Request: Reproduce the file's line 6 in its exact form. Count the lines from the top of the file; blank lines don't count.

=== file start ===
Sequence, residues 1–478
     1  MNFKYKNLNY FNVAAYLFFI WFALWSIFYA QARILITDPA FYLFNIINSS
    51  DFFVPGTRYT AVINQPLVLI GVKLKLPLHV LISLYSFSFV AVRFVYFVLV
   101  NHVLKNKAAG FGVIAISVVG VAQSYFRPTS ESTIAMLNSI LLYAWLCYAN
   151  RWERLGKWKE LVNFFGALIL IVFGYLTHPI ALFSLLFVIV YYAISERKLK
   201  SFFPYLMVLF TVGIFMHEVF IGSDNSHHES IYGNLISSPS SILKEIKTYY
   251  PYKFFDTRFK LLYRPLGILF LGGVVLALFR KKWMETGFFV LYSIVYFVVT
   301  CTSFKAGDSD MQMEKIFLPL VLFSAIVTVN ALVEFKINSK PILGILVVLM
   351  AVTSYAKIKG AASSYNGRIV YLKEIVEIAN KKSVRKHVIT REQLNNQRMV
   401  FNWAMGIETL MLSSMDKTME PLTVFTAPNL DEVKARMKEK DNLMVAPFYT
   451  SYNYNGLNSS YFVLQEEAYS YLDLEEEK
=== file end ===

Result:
   201  SFFPYLMVLF TVGIFMHEVF IGSDNSHHES IYGNLISSPS SILKEIKTYY